Uber changes to Employment law
30 September 2015 by Marketing Team
Uber has recently faced legal action in the United States in a debacle that threatens the fundamentals of its business model by questioning the employment status of its drivers. For those who are not aware, Uber is a five year old app based ride-sharing service. It allows people to find taxis using the app, advertising its drivers as being independent or ‘freelance’ contractors and, in California alone, Uber has over 160,000 drivers. In the five years it has been in operation it has began to revolutionise the way that the taxi industry operates by providing nicer cars, more convenient over the phone payments, and shorter wait times.
There has been much legal toing-and-froing over the issue and earlier this month Uber filed an appeal against the decision laid down by the California Employment Development Department (EDD). The decision was in favour of drivers being classed as employees as opposed to independent contractors, and the outcome of the appeal could have a far-reaching affect on employment law throughout the world as it encompasses complex and universal legal issues.
The lawsuit states that Uber treats their drivers like employees whilst denying them the benefits and stability of employment in a traditional sense. The company argues to the contrary; maintaining that drivers are in favour of being independent contractors as it allows them to be their own boss; drivers work their own hours, drive where they want, and undertake any other ‘gigs’ when they wish. The outcome of the case will likely impact significantly on the ‘gig economy’ as a whole, and other apps that allow users to ‘be their own boss’ such as Airbnb, Taskrabbit and Etsy will have to take note of and heed any findings that come out of the case..
It is not hard to see why Uber are taking this stance, as ensuring that drivers are independent contractors rather than employees is fundamental to the company’s business model. It has been estimated that to take on drivers as employees would cost the company an additional $13,145 per person. This could total as much as $4.1 billion when applied to all their drivers and would lead to huge financial issues, even with the valuation of Uber standing at around $51 billion. Investors clearly believe that, in time, Uber will grow and make enough money to cover this additional cost, but whether they will wish sit tight and wait for that return is another question.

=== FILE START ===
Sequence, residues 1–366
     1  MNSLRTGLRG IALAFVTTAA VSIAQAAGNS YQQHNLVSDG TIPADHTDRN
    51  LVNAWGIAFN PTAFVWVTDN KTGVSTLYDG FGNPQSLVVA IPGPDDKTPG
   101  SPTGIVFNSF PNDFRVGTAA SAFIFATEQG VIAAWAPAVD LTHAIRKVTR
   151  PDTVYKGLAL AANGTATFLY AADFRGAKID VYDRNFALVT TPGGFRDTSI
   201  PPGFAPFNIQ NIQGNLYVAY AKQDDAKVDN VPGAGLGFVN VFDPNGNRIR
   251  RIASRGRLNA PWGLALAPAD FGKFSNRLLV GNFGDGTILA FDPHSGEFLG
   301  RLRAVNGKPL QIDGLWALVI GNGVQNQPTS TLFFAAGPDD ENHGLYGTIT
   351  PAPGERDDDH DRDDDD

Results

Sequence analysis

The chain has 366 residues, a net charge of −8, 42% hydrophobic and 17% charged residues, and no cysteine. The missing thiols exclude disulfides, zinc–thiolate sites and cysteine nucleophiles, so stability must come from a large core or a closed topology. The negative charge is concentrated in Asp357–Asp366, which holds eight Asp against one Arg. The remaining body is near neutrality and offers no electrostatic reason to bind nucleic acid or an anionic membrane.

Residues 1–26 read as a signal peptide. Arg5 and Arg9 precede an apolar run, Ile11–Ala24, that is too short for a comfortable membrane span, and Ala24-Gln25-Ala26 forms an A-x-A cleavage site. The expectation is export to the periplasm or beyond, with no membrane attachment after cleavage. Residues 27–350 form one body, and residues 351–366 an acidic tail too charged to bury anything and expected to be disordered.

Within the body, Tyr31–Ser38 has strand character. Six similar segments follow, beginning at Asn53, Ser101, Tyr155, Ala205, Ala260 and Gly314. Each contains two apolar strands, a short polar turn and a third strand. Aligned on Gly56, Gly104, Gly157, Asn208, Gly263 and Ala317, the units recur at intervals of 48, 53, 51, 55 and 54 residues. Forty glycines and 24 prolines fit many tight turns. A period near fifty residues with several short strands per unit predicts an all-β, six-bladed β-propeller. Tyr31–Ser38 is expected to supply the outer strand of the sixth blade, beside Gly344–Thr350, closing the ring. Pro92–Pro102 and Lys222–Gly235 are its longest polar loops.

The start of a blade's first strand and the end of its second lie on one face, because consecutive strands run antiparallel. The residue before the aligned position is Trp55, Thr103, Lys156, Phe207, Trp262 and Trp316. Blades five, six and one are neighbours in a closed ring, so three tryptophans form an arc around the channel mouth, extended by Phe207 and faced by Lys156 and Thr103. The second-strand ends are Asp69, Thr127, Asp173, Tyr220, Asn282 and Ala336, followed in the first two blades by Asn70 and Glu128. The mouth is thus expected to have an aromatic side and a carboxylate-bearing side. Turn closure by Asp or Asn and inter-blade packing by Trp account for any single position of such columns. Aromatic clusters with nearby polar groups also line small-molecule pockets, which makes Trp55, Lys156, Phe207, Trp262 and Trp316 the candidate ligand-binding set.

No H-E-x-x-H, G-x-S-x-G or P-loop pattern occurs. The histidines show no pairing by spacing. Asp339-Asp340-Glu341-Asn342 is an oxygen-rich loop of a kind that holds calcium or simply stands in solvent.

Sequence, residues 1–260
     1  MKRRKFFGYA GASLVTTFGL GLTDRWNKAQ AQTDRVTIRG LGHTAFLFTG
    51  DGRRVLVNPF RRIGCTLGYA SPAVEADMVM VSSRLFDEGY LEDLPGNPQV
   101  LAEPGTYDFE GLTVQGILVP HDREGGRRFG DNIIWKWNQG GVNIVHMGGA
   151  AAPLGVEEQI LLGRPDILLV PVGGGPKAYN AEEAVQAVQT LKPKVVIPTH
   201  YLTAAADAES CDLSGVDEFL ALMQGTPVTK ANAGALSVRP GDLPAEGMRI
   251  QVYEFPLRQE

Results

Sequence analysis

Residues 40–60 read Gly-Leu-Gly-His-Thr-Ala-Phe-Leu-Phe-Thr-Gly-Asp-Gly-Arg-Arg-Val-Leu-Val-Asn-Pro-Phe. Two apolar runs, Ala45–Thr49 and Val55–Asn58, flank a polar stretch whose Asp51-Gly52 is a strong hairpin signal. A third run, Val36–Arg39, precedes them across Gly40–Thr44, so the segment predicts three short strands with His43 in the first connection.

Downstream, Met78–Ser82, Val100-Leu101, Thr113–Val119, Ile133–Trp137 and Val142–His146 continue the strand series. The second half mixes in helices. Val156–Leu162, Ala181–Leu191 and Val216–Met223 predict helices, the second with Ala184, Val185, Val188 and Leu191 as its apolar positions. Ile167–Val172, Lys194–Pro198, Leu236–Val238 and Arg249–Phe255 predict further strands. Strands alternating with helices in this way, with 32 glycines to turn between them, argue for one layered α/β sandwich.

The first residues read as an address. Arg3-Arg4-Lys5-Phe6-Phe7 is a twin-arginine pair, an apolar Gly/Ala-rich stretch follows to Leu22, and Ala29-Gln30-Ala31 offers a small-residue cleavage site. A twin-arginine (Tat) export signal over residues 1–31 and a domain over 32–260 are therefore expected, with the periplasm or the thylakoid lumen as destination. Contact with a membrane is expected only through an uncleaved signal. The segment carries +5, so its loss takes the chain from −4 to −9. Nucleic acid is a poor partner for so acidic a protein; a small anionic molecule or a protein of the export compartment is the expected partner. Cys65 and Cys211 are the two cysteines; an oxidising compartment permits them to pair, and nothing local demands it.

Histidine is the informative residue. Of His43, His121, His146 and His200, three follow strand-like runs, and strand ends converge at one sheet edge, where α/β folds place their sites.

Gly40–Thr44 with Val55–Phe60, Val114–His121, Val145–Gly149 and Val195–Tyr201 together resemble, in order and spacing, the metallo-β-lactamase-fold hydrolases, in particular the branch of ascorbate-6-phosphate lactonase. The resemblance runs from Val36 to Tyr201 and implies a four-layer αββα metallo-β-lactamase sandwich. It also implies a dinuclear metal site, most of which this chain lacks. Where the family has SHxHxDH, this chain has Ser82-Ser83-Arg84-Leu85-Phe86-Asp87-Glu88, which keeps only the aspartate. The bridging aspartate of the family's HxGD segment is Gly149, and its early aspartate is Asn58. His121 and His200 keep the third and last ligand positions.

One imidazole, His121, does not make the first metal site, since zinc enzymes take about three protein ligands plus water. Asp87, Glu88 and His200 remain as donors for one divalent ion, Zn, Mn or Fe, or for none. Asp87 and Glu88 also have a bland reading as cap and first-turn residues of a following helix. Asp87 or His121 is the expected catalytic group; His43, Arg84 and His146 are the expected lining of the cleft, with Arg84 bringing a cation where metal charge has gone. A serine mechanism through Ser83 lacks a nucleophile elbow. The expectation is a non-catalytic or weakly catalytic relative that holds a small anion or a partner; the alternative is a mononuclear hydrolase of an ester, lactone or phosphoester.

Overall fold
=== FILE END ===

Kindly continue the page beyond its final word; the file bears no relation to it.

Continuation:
For Uber, it is yet another obstacle in their path to establish themselves as the alternative to traditional taxi services. They have already faced opposition from cab unions around the world, and in Sao Paulo in Brazil they have even been banned from operating at all.
As we have explained above, things are looking worse still in the US, and the outcome of Uber’s appeal could hold significance not just for their own business model, but the gig economy as a whole. If the legal argument is replicated around the world it is likely only a matter of time before these ‘driver status’ issues begin to crop up in Britain as well.
If you are unsure of your status at work, or require any other employment advice, please contact our Employment Team via phone on 01245 890110, or by email at BBaird@fjg.co.uk.